After a hard day at work, how do you reconnect with your kids? Here are 10 tried-and-true techniques from real dads. Steal these paternal strokes of genius, or use them to spark some ideas of your own.

1. Play Larry King: There's an art to getting kids to open up. If you say, "What did you do today?" they tend to reply "Nothing."Instead, ask a specific question, such as "What toys did you and Kim play with when she was over?"

It worked for Lowell Johnson, a teacher in Cambridge, Minn., when his two kids were young.

"To ask specific questions, I had to pay attention. Once they got in the habit of answering specific questions, they could also answer the general ones."

2. Join activities already in progress: Rather than initiating a new game when you get home, slip in and get in sync with what the kids are already doing.

When he finds his 9-year-old is at the computer, New York City social worker Jose Barbosa asks, "Can you show me how to do that?"

His reasoning: "If I ask for help and follow his lead, he lets me into his world. Then I'm not forcing myself on him just because I'm home and I missed him."

3. Work at it: Sometimes you'll want to relax before hanging out with your kids, but you don't have that luxury.

While his kids were growing up, Minneapolis therapist William Doherty learned to appeal to his own work ethic.

"I pretended I was still at work, which made me more willing to do what the kids wanted to do. I told myself my job wasn't done until the kids went to bed, which, of course, is the way most mothers operate."

4. Make mealtime matter: Sandeep Shrivastava, a marketing manager in Chicago, finds that feeding his baby is a great way to get closer.

"As he grows, he doesn't want his baby food or bottles. He wants what's on my plate. He'll say no to one thing and yes to another. I'll move his arm as he tries to touch my drink. Every day we understand each other better."

5. Get physical: Hugging your child or just putting a hand on his shoulder helps you get back in touch - literally and figuratively.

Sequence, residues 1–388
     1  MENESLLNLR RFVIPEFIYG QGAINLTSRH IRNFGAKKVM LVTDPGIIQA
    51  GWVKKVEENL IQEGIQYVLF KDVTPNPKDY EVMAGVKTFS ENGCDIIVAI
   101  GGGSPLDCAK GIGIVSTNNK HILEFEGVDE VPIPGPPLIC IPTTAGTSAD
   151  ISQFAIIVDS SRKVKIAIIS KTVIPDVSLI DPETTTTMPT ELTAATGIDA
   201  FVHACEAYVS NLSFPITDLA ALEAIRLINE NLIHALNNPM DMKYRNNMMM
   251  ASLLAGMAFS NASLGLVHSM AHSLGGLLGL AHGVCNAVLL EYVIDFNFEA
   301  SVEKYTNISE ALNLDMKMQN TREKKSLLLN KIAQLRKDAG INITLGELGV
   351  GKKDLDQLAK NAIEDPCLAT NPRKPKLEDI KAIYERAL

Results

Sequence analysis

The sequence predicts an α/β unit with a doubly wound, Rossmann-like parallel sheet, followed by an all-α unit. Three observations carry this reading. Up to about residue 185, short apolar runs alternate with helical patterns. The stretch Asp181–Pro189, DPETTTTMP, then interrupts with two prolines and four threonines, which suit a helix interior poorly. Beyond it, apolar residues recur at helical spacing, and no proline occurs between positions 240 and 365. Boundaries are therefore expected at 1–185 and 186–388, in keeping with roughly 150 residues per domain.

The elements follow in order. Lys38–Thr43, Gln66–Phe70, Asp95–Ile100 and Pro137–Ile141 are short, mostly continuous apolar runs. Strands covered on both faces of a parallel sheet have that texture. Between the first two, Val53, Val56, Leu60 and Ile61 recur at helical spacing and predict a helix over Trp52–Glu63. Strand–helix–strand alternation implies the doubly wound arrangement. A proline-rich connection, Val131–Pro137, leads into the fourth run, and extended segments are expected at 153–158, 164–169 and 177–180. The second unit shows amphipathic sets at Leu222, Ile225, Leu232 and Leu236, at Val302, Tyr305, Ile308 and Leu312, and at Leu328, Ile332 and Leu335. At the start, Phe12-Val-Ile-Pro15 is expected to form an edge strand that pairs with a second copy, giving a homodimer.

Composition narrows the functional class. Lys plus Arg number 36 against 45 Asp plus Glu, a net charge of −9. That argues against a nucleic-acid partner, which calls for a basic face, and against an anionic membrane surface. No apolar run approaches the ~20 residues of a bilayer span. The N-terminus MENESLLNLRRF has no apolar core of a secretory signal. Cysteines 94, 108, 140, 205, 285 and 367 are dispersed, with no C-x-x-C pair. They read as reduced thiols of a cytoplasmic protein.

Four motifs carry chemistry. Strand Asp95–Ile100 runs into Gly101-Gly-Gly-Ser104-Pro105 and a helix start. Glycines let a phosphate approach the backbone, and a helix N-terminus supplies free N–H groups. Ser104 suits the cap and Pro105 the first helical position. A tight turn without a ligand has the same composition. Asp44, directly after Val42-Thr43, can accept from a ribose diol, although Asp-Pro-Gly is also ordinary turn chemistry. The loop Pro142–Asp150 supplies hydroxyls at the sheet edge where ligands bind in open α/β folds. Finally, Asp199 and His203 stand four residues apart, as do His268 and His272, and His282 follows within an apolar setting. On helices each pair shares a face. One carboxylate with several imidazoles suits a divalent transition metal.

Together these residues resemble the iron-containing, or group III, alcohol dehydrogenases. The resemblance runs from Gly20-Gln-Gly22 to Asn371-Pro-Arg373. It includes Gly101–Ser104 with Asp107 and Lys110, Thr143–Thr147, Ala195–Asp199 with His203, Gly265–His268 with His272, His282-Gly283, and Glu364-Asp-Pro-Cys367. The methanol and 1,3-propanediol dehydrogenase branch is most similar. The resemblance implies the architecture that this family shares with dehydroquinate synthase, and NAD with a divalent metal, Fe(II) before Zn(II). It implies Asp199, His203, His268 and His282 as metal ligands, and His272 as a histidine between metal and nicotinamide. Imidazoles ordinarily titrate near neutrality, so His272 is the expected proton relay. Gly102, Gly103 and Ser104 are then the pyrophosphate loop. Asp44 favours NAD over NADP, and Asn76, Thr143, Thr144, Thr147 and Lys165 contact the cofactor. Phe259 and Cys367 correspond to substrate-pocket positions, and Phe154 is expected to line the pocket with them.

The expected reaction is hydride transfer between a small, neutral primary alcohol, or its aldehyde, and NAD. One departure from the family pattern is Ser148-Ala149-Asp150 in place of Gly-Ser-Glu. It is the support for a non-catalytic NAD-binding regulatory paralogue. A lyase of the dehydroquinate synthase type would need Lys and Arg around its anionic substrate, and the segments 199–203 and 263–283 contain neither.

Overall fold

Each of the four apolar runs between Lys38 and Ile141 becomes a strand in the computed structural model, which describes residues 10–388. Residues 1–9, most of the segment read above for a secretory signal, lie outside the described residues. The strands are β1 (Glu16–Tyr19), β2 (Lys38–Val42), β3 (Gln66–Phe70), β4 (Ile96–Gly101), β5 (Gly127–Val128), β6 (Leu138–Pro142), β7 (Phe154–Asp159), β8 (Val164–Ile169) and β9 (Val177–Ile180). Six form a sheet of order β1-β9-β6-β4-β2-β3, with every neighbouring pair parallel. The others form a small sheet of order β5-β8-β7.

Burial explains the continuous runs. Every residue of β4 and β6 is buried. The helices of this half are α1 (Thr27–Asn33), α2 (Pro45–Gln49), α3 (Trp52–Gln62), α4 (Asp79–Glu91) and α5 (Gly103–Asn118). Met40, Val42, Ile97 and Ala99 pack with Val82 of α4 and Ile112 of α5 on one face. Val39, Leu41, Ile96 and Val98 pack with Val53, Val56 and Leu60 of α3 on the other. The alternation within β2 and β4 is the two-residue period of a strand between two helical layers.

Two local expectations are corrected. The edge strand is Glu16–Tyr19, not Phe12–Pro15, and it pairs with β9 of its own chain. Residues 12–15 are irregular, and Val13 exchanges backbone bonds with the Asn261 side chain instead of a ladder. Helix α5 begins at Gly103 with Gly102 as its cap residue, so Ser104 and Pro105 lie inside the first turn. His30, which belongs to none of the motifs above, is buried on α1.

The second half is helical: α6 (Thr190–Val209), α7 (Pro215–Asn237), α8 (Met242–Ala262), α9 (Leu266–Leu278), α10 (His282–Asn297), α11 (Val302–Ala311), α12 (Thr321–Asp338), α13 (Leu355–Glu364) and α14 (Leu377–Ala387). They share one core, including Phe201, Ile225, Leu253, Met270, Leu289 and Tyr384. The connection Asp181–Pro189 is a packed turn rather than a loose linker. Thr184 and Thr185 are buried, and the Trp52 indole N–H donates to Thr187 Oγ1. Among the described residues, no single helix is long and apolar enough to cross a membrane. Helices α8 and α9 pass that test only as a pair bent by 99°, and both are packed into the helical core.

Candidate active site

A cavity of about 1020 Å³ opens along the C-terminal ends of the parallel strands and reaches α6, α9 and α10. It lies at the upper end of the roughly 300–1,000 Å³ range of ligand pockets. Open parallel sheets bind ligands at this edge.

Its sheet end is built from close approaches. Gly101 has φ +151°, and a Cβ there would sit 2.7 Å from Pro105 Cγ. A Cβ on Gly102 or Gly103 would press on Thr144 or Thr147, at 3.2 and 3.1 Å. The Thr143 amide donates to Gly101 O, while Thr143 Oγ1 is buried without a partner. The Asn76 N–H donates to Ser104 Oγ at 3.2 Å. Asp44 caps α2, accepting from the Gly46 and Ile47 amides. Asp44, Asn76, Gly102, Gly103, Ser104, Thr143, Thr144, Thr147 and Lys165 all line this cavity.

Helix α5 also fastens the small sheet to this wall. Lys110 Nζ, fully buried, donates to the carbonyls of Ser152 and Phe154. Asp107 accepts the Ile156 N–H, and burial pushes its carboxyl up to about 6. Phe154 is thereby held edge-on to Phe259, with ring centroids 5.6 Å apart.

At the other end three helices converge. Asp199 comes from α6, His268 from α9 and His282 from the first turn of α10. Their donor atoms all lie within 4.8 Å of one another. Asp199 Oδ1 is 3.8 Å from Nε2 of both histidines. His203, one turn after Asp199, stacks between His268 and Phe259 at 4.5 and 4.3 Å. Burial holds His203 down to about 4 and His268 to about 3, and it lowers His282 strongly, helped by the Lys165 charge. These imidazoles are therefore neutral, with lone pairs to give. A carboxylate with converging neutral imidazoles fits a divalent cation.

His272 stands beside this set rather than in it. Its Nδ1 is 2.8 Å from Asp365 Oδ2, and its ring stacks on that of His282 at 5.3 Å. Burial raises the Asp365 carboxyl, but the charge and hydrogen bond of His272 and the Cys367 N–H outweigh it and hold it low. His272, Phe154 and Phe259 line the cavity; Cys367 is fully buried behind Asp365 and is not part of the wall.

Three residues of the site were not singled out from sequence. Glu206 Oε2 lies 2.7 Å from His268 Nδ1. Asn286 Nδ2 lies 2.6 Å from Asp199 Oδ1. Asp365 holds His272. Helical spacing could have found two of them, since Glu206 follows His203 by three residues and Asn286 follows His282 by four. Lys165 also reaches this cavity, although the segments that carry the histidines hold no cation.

San Francisco attorney Henry Winetsky used to give his two sons a "stomach raspberry" when they were young. The boys now greet their dad with a raspberry on the neck when he walks through the door.

Daniel, 14, says with a loving smile, "I guess it's kind of a revenge thing."

6. Brush up on Battleship: After dinner, Midian Kurland, a software developer in Cupertino, Calif., plays games - like Candy Land, Uno, Mancala - with his 5- and 8-year-old daughters.

"If there's stuff to talk about, we talk, and if not, we concentrate on the games."

7. Notice the little things: Because he is divorced, Baltimore TV producer Ademola Ekulona gets to see his youngest daughter, who is 4, only two or three times a week.

"I make a big deal about seeing her every time," he says. "I pick her up and hold her, and I usually compliment her on her hair because she is very proud that her sisters have done her hair."

8. Share a secret language: David Charne, a New York City entertainer and father of 4-year-old Madeline, stumbled upon this ritual.

"One day when I came home, Maddie said something to me in gibberish. Instead of asking her to explain, I answered back in gibberish. Now we have our own made-up language when I come home.

"It's been a real bonding thing because nobody else does it with her."

9. Do say, "When I was a child . . .": Los Angeles physician Lee Kagan doesn't usually get home until 7:30 p.m., so he bonds with his 9-year-old daughter over nighttime conversations.

"She loves to hear stories about when I was a kid, particularly times that I got into trouble or goofed up."

10. Be there for bedtime: David Wasserman, who runs a store in New York City, doesn't get to see his 11-year-old son until 9 p.m., after a "long retail day."

He uses bedtime to reconnect: "He needs me to lie next to him. Then he says, `How was your day, Dad? I bet you were overworked and understaffed.' He's mimicking me, and it's mostly a rhetorical question, but it draws us together."